KNOXVILLE, Tenn. (WVLT) - When does summer start for you? The second the school year wraps up? The Summer Solstice on June 21st? For meteorologists, June through August are the summer months.
These three months are looking like they'll run warmer than normal in general. In Knoxville, 85 degrees is the average high for June, and it's 88 degrees for July and August. That means we'll have more days of 90 degrees or more.
In the month of May, we already collected 8 days of 90 degrees or greater! The average for Knoxville is 34 days a year in the 90s or warmer, so we're looking to easily surpass that with a warmer than normal trend for the summer.
The record for Knoxville is 78 days of at least 90 degrees, set in 1936! In 2010 we came close at 77, and 2016 we had 76 days. So, here we go with summer 2019!
It's important to note that heat is not just an inconvenience, but it's actually the number one weather-related killer! There were more than 100 deaths due to heat in 2018, nation-wide. Unfortunately that lines up with the information from the National Weather Service for the 10-year and 30-year average. Please be cautious in the heat!
Rain has a tendency to cool things down, but a quick warm up can still come right back into play. That's what our summer is looking like, with the potential for slightly above average rainfall for the summer.
In terms of what's "average" in Knoxville, 3.81 inches in June, 5.08" in July, and 3.27" in August. This is based on decades of data kept by the National Weather Service in Morristown.
Rainfall can be a sore subject this year, since we had excessive rainfall in the late winter to early spring. This left many with flood damage, and put us in a rainfall surplus of more than 10 inches for the end of spring!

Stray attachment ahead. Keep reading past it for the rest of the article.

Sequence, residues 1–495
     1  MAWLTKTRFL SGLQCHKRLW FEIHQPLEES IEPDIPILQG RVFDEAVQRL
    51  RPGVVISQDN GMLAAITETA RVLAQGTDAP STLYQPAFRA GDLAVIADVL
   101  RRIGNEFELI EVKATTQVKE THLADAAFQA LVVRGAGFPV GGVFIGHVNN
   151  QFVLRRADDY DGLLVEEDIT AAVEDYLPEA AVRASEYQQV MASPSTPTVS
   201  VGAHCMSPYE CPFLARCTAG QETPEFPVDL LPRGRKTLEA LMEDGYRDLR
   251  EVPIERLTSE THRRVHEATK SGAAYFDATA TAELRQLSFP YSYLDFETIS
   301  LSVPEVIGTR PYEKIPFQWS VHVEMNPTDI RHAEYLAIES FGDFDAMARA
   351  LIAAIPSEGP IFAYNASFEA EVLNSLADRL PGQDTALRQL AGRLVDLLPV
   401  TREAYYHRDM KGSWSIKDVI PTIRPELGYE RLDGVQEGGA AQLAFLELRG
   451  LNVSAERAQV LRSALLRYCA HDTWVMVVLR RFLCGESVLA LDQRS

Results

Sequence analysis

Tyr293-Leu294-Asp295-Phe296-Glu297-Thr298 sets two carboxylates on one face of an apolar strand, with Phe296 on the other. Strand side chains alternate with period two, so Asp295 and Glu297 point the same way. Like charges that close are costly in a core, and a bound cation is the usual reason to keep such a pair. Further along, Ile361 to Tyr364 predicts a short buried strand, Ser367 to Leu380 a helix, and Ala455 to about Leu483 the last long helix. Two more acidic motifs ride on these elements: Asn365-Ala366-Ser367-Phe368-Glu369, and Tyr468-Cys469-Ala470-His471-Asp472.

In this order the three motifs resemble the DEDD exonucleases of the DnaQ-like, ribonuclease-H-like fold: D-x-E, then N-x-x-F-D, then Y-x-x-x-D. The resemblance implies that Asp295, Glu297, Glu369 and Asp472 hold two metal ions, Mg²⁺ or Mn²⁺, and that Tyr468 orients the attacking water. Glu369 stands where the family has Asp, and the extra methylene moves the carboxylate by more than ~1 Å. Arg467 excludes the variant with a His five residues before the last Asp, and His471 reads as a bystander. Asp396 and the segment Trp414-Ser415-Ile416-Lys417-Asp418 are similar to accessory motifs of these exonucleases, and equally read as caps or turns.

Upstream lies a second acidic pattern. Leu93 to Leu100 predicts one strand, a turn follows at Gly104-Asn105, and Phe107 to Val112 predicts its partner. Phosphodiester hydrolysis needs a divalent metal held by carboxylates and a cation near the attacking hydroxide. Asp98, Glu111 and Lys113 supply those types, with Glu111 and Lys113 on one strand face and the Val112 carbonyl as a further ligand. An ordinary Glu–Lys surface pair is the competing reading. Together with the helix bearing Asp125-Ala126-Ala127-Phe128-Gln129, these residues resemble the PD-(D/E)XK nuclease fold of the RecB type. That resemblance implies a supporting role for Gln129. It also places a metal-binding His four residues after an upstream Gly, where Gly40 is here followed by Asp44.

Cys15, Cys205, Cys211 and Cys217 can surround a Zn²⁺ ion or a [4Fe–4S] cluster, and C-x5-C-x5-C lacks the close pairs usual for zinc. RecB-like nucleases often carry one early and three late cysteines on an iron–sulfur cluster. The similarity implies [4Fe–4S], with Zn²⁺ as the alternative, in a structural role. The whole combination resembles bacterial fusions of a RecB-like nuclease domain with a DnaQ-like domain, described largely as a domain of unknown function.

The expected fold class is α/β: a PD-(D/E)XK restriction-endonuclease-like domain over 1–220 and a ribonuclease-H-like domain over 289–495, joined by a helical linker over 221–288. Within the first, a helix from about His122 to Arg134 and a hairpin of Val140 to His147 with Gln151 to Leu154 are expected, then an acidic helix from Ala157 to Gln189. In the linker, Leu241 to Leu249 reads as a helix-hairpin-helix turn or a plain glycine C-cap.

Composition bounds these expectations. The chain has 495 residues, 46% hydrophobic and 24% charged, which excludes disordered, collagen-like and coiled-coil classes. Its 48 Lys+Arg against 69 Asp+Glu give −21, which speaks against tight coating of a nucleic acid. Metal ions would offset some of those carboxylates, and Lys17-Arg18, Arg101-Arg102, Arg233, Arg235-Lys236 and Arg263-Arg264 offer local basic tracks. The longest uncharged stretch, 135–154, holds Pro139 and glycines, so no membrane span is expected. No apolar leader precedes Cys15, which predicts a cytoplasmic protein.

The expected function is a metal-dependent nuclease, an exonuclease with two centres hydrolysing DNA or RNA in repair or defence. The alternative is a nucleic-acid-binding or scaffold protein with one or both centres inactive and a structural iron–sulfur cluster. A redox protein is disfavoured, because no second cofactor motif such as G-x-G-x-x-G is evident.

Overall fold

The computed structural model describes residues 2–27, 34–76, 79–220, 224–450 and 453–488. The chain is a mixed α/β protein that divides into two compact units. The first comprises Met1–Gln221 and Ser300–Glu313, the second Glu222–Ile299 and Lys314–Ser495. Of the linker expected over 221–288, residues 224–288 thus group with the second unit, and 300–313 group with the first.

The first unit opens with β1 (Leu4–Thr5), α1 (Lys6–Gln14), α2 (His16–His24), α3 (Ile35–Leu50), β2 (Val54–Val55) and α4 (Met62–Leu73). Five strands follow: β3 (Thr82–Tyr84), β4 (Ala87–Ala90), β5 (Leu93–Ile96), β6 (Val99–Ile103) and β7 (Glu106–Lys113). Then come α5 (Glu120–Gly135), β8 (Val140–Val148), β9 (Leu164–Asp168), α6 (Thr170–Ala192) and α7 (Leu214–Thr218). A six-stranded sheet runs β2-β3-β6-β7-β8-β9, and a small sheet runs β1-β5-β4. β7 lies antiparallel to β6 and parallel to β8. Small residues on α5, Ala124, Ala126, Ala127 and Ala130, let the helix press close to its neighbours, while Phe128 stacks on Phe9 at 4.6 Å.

The combination of above normal temperature and above normal rainfall, can mean more severe weather. Cold fronts that generally bring in the greatest rain, clash with warm air as they approach and can create stronger storms.
In terms of deaths annually, floods are the number two weather-related killer nation-wide. Over the 10-year and 30-year average, tornadoes are number three.
Tornadoes are possible in our area. While we don't get them as often as the plains and Midwest, or even the north in the summer months, tornadoes are possible in Tennessee and Kentucky.
While we are not on the coast, our weather can easily be impacted by tropical storms. Large enough tropical storms can easily send rain inland to us.
The National Hurricane Center is expecting a "near normal" 2019 Hurricane Season. That means 9 to 15 named storms are possible. Of those, 4 to 8 of those could reach hurricane status, and 2 to 4 could be major hurricanes. A major hurricane is a category 3 or greater, which means winds of at least 111 miles per per.
Obviously if you're planning a vacation this summer to the beach or further south, keeping up with the tropics is very important. We've already had one named storm develop, Andrea, and hurricane season is generally June 1 through November 30.
Most tropical storms developing in June, start in the Gulf of Mexico, Western Caribbean, or the Bahamas.
SUMMER OUTLOOK 2019
Remember, this is a big picture. Forecasts are designed to be as detailed as possible we give you the latest daily and up to 8 days out with the full forecast. When looking at a season, in general, this is more like the be the big picture when its all said and done.
So, get ready for more days in the 90s, still good rainfall at times, and an active hurricane season.
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